Our Admissions Ambassador communicates directly with each applicant on the benefits of getting involved in campus clubs and organizations, in general, and explains how they work. (Keep in mind that applicants may know about your clubs from your website, but might not understand exactly what they do. This additional one-on-one information can turn a complacent candidate into an enthusiastic one, and even tip the school decision in your favor, if the candidates is considering multiple programs.) Through these conversations, the natural progression and discussion about GWIB occurs

Orientation programs can also benefit recent alumnae. We invite the original “brainstormers” to travel back to campus to sit on orientation panels and attend networking events, and to become mentors. They connect with the new class and word of the association – and our school – travels back into their organizations as they tell their friends and colleagues. Remember that positive word-of-mouth advertising is the best (and cheapest) way of recruiting students.

2. Start a book club. Book clubs have tremendous popularity, but a campus book club is something extra special because of the tight and enduring bonds of students who share a transformative learning experience at a critical moment in their careers. We have leveraged closed book club groups on social media so that female students and alumnae can participate in this activity. You may want to center the book club on works by female leaders who have faced (and surmounted) challenges of working in an underrepresented industry. For example, our GWIB is currently working through Sheryl Sandberg’s Lean In. It creates a close-knit support system and provides essential encouragement and inspiration to create unbreakable common ties between the members. A bonus of reading a best seller in a small group forum is that it also helps strengthen conversational skills that will help in the job search, including interviewing and networking.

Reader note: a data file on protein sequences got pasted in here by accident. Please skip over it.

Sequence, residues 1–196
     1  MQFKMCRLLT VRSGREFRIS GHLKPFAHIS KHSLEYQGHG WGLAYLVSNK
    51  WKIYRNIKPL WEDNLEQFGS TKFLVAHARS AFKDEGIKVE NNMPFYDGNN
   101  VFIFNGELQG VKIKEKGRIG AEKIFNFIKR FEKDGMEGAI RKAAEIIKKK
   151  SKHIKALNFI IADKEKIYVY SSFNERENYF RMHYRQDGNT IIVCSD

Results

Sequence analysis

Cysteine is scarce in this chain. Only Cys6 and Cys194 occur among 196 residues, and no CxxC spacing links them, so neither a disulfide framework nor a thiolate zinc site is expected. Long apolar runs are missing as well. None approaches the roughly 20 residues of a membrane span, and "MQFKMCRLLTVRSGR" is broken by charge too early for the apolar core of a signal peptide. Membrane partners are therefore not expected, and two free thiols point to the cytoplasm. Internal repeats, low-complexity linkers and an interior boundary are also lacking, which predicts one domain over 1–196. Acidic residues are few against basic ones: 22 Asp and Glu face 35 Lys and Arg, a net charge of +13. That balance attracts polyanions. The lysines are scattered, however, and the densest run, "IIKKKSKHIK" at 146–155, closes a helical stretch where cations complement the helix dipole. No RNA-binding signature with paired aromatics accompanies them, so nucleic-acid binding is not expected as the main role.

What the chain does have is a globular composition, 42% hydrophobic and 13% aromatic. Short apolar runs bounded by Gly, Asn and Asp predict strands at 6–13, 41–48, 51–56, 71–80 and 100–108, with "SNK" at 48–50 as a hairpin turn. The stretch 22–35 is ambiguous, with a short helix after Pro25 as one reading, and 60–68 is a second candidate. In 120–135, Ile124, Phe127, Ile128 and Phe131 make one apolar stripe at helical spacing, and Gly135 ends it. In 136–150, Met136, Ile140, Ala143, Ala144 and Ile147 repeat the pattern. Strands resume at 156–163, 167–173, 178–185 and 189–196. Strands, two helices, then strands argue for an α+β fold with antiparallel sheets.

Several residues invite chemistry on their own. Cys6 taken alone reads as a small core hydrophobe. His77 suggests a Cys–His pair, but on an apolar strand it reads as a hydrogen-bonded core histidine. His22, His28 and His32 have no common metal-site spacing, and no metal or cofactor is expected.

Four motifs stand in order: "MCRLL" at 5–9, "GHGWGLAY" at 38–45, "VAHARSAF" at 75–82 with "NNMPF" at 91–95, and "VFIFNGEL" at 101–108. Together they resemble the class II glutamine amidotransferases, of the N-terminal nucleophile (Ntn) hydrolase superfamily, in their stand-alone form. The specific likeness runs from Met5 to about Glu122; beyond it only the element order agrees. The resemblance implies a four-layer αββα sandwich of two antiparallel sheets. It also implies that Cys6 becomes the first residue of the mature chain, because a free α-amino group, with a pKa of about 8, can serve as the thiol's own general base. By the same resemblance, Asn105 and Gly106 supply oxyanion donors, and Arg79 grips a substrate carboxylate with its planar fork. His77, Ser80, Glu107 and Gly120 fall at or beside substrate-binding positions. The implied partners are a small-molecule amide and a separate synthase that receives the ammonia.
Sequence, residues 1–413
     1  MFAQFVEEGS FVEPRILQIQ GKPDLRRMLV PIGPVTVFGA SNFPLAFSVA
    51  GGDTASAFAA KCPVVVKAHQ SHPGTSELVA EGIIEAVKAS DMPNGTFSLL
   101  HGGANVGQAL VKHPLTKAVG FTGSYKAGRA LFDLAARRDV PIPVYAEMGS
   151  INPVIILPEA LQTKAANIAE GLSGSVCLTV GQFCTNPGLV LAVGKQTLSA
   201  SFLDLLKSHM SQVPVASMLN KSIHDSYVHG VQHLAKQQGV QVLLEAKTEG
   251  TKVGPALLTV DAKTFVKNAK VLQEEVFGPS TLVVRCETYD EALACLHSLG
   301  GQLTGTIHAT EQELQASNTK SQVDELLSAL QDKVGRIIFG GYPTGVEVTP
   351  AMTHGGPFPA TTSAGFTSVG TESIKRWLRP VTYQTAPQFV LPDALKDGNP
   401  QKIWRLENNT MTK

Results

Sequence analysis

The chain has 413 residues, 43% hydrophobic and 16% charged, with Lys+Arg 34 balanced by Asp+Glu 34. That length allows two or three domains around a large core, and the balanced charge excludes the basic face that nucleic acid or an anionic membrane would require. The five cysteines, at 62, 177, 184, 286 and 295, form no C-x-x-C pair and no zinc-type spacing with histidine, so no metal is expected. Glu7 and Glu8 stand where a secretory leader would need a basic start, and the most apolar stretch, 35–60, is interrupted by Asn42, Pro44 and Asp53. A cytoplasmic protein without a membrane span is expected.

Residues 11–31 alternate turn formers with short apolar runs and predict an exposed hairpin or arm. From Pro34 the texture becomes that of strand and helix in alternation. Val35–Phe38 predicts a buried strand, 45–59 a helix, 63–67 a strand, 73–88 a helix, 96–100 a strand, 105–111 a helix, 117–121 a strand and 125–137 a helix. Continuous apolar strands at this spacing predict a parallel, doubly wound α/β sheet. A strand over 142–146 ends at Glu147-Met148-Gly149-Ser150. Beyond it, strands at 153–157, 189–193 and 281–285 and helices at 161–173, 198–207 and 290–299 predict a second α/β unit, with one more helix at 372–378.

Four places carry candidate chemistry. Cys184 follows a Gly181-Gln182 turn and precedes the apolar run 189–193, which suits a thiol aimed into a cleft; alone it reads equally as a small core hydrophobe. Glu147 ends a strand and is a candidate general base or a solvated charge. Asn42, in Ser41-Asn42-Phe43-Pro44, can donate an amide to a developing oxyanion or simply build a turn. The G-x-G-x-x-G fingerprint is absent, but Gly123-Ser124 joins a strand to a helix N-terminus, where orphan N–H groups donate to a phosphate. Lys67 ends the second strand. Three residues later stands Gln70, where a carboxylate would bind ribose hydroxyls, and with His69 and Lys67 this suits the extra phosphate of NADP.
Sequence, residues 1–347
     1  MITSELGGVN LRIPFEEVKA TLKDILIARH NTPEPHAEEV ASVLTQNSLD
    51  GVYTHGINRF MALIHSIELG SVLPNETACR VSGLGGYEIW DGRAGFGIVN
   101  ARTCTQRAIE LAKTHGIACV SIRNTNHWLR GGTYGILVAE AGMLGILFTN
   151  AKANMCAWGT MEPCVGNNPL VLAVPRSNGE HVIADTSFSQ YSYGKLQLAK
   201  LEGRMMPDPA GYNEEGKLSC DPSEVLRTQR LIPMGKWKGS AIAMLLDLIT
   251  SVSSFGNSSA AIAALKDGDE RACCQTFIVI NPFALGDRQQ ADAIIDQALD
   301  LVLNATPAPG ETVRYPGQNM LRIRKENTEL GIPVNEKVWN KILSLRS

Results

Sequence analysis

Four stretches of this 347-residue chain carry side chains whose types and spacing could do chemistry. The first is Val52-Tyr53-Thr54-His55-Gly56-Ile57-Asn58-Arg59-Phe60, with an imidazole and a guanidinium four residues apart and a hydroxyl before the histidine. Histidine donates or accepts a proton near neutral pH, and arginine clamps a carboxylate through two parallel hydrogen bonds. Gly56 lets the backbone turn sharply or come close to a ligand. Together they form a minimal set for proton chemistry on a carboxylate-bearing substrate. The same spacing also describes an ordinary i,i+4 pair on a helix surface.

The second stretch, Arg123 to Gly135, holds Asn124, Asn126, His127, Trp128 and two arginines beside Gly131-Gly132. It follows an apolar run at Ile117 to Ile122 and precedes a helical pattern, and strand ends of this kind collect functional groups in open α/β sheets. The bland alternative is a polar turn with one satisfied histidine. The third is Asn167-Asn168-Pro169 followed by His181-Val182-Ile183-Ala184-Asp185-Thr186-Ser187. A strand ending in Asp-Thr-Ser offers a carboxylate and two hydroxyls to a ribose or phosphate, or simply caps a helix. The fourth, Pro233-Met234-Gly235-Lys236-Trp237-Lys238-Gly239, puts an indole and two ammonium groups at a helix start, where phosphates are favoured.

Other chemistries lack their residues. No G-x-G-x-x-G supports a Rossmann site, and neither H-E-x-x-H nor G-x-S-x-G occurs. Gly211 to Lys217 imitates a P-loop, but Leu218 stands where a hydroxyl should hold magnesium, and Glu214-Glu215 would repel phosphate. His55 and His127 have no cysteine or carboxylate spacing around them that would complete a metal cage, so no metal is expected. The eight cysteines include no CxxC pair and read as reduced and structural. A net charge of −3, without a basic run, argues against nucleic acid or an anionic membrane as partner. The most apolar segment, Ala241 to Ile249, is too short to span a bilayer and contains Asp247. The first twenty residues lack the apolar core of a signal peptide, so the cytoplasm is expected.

3. Invite all graduate programs. The greater the membership numbers, the greater the impact. Our existing club was open for MBA women initially. By expanding reach to other graduate management programs, especially those with multiple entry points during the year, you’ll increase the number of women who are passionate about advancing the cause. Think outside “silos” to identify other programs that could participate. For example, we expanded membership to female students in our Masters of Human Resources program. In addition to a larger membership, a bonus is a target audience of future HR leaders who will be in a powerful position to influence compensation packages down the road! (According to industry research, women currently make 80 cents for every dollar earned by men.)

4. Connect with corporate recruiters through the office of career management. Your employer relations team works hard to place your students in companies and with recruiters. That channel of communication is already open, so be sure to “promote” your association to key influencers. We included GWIB in our yearly class statistics presentation that is shared with Career Management and utilized this opportunity to showcase the ways we were strategically recruiting women. It attracted the attention of a major Global 100 and resulted in our GWIB leaders being flown out to their headquarters as VIPs. They were given exclusive access to top female executives who personally hosted them on the trip, and this simple information share became something so much bigger for our students and for our campus. 

Being part of an underrepresented minority means our female MBAs must work even harder to have a powerful voice in business. It also is a unique opportunity, however, to forge strong bonds and establish a support system that extends well beyond the classroom. It leads to one of the most rewarding and encouraging outcomes – our future women business leaders seeking out ways to connect and support other women.

About the Author

Jennifer Ninh

Jennifer Ninh, Director of Recruitment and Enrollment Management at the Darla Moore School of Business, University of South Carolina.